Teacher's 'Magic Rocks' Cause Problems for Mo. District
A federal appeals court has upheld a jury verdict in favor of a Missouri teacher whose employment-discrimination lawsuit alleged that she was dismissed because her notes to students discussing "magic rocks" offended the religious sensibilities of the community.
Leslie Cowan said in her suit that the magic-rock letters sparked a wave of concern about supposed New Age teaching methods in the Strafford, Mo., district and that she lost her job teaching 2nd grade as a result.
The 962-student district argued that its nonrenewal of Ms. Cowan's contract in 1993 had nothing to do with the letters, but was due to her teaching deficiencies.
The controversy began in the spring of 1992, when Ms. Cowan gave each of her 2nd graders a rock with a note saying that it was "magic."
"The magic rock you have will always let you know that you can do anything that you set your mind to," the teacher wrote. "To make your rock work, close your eyes, rub it, and say to yourself three times, 'I am a special and terrific person, with talents of my own!'"
Some parents complained about the letter, and two families removed their children from the district and enrolled them in private Christian schools as a direct result.
The school principal told Ms. Cowan to avoid "magical ideas" in her teaching. The principal also issued the teacher job-improvement targets that included improving relationships with parents.
At the beginning of the 1992-93 school year, the school held a seminar conducted by a local pastor that was devoted to New Ageism and the "infiltration" of New Age thinking in the public schools.
Ms. Cowan was dismissed by the school board in March 1993. She filed a federal lawsuit under the First Amendment to the U.S. Constitution and Title VII of the Civil Rights Act of 1964. The teacher never claimed she held New Age religious beliefs, but she argued that the district illegally dismissed her based on the religious perceptions of the community.
The district's defense was that Ms. Cowan was not retained for the legitimate reason of poor teaching performance.
A jury found for Ms. Cowan on both claims and awarded her $18,000 in damages on the Title VII claim and no damages on the First Amendment claim. The federal district judge rejected the school district's request that the verdict be thrown out. The judge also rejected Ms. Cowan's request to be reinstated to her job, ruling that her relationship with her principal was too badly damaged. Instead, the judge awarded her two years of future pay.
The district appealed to the U.S. Court of Appeals for the 8th Circuit, based in St. Louis. A three-judge panel unanimously affirmed the lower-court judgment.
There was sufficient evidence "for a reasonable jury to conclude that persons involved in the decisionmaking process were motivated by religious concerns regarding the teaching of New Ageism," the appeals panel said in its April 7 decision in Cowan v. Strafford R-VI School District.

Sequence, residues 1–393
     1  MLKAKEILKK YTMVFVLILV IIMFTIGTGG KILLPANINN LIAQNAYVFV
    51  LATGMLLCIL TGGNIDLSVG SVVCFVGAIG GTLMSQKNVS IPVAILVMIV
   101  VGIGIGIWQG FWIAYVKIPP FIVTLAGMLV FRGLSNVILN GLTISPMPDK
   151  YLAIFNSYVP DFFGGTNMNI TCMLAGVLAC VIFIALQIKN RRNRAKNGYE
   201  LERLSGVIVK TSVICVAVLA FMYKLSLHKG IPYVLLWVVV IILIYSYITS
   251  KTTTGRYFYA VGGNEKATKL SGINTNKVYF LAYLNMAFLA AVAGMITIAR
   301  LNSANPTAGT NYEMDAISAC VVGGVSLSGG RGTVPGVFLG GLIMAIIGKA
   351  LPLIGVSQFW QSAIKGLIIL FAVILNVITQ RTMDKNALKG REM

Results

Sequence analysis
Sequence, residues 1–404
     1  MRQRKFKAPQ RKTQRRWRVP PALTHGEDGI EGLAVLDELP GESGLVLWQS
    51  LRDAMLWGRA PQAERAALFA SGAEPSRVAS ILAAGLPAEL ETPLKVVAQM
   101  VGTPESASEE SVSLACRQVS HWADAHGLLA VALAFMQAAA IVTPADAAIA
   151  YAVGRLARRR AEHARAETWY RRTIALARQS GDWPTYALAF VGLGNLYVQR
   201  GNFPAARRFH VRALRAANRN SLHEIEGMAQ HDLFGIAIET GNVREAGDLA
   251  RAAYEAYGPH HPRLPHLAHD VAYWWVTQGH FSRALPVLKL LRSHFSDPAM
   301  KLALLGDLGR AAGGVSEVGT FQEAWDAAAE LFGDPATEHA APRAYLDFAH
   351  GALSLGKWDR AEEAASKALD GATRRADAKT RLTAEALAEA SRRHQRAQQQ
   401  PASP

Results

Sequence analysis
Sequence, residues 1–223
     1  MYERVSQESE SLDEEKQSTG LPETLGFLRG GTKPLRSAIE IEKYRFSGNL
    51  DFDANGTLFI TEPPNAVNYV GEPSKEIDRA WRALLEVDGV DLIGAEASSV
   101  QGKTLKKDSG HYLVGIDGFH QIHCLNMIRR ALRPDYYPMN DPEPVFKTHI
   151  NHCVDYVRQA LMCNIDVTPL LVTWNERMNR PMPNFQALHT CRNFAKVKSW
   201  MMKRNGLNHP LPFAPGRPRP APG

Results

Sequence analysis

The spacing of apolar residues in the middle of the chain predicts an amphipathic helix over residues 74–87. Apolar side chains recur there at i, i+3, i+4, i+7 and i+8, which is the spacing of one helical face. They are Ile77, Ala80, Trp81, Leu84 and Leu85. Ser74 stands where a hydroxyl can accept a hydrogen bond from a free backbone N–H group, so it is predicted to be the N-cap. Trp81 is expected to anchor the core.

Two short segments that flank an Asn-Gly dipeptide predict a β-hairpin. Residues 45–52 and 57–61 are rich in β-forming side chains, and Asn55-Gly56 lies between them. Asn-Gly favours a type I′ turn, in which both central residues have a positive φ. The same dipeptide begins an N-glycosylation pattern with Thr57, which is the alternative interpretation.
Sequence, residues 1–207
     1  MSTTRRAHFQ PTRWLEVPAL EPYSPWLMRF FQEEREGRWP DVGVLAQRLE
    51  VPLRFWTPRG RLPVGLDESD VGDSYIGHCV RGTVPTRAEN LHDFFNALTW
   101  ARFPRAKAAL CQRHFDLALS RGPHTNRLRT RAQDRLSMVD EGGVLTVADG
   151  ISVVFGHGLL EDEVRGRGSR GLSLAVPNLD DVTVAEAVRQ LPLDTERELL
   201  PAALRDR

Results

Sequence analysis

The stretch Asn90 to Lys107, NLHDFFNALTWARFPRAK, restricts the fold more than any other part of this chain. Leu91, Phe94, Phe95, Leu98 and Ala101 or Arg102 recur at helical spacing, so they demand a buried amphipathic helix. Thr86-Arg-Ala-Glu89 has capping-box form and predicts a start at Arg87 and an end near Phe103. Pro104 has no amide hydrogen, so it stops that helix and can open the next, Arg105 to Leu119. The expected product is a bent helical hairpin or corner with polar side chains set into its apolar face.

The panel concluded that the principal's conduct in response "to the community's apprehensions regarding New Ageism coupled with her generally unsupportive behavior toward Cowan" provided sufficient evidence to support the discrimination claim.
Thomas Mickes, a lawyer for the the school district, said an appeal is being considered.
Can young teenagers legally have sex?
In California, the answer is no. In a ruling that has attracted attention in newspaper headlines and late-night comedy monologues, a state appeals court upheld a California law that makes it a crime for minors to have consensual sex.
The ruling came in the case of a 16-year-old Alameda County boy, identified only as T.A.J., who was charged with having sex with a 14-year-old girl.
The boy was charged with a misdemeanor under the California penal code. He was later charged with a potential felony count of forcible rape, but a trial judge ruled that the 1996 sexual liaison was consensual. The boy was placed on probation for the misdemeanor count of unlawful sexual intercourse.
He challenged the constitutionality of the state law, arguing that it cannot apply to him as a perpetrator since he is a member of the protected class defined by the law. He also argued that minors have a right to privacy under the state constitution that includes the right to have sexual intercourse.
In a unanimous ruling April 9, a three-judge panel of the California Court of Appeal held that minors have no state constitutional privacy right that includes the right to have sex.
"While we do not ignore the reality that many California teenagers are sexually active, that fact alone does not establish that minors have a right of privacy to engage in sexual intercourse," Justice Ignazio Ruvolo said in the ruling. "Due to age and immaturity, minors often lack the ability to make fully informed choices that take account of both immediate and long-range consequences."
Thomas A. Nazario, a professor at the University of San Francisco law school and an expert on children's legal rights, said many states have statutory-rape laws similar to California's in which "consensual" sex between minors is illegal.
California's law applies both to boys and girls and considers anyone under 18 a minor, he said. Many states have a lower age of consent, and some statutory-rape laws provide protection only to girls as victims, Mr. Nazario said. --MARK WALSH